Caveat Emptor – Buyer Beware
All property sales in Queensland are based upon the principle of buyer beware. It is the responsibility of the buyer to thoroughly investigate the property themselves rather than rely on information provided to them by the seller. Buying a property for the first time is perhaps one of the biggest financial decision you will make in your lifetime, which is why it is important to investigate the property as comprehensively as possible.
As many properties have improvements made to them over the years (built after the original structure was constructed) such as carports, pools, sheds, decks and other renovations, it is important to determine whether these additions have council approval. If council approval has not been obtained, you (as the buyer) will become liable for the costs of any rectification required to make the additions compliant with council regulations.
Common costs in making renovations compliant may include engaging the services of a certifier, administration costs in obtaining council approval and conducting various renovation works. Unfortunately, as many owners simply erect structures to their own liking, in some cases these additions are not possible to be council approved and will therefore need to be torn down. In the worst-case scenario, an entire dwelling (or additions to the dwelling) may not be legally occupied. As a purchaser, this is an extremely costly mistake.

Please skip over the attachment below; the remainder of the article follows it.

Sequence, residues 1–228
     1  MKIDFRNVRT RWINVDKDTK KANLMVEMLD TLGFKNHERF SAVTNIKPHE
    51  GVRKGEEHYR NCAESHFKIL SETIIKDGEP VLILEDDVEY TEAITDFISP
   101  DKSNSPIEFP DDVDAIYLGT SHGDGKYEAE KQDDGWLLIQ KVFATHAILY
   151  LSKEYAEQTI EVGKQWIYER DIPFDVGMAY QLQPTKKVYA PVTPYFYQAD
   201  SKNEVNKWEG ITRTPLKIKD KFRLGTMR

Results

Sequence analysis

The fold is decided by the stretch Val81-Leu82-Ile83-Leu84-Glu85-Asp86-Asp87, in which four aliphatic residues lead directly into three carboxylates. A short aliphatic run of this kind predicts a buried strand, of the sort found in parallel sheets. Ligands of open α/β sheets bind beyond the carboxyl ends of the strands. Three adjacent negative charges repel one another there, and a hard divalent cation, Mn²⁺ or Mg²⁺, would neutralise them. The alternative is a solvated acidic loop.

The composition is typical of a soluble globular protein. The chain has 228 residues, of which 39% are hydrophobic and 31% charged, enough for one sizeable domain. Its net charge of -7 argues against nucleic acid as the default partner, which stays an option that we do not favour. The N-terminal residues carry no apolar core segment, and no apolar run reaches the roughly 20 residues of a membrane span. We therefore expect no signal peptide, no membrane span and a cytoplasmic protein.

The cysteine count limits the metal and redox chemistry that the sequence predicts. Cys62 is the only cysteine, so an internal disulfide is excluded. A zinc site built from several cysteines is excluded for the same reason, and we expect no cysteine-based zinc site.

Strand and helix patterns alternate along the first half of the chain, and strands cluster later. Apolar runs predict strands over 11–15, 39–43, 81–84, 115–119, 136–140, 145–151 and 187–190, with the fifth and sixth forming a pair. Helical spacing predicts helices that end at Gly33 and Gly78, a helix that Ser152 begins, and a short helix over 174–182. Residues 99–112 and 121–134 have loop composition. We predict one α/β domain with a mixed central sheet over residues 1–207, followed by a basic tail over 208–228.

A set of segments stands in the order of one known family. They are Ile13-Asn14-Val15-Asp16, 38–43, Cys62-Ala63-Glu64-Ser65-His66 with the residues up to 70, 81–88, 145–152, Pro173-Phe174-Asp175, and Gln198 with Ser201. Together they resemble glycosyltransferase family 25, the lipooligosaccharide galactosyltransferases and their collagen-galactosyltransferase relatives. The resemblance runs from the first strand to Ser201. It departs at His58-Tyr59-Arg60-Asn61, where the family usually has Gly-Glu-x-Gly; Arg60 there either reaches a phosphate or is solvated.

How to Avoid Problems
Building Records Search
Before purchasing a property, it is recommended that you undertake a “inspection of building records search” with the Council to identify any structure or improvement built on the property post 1986. This search confirms whether any additions have been made to the original structure, and whether these additions have received a final inspection certificate from the local authority. The issuing of a certificate indicated compliance with Council regulations
QBCC Insurance Search
As a buyer, you should also undertake a Queensland Building Services Authority search for any dwellings or improvements built on the property within six years. This confirms how the additions were built (by a registered builder e.g) and affects your ability to access insurance cover for constructions faults.
Prior to Signing the Contract
The current standard contract in Queensland does not provide a clear right to terminate (as the buyer) if additions or improvements are found to be non-compliant. Therefore, if you are considering purchasing a property, seek legal advice regarding the matters above, and, to have a special condition inserted into the contract prior to signing.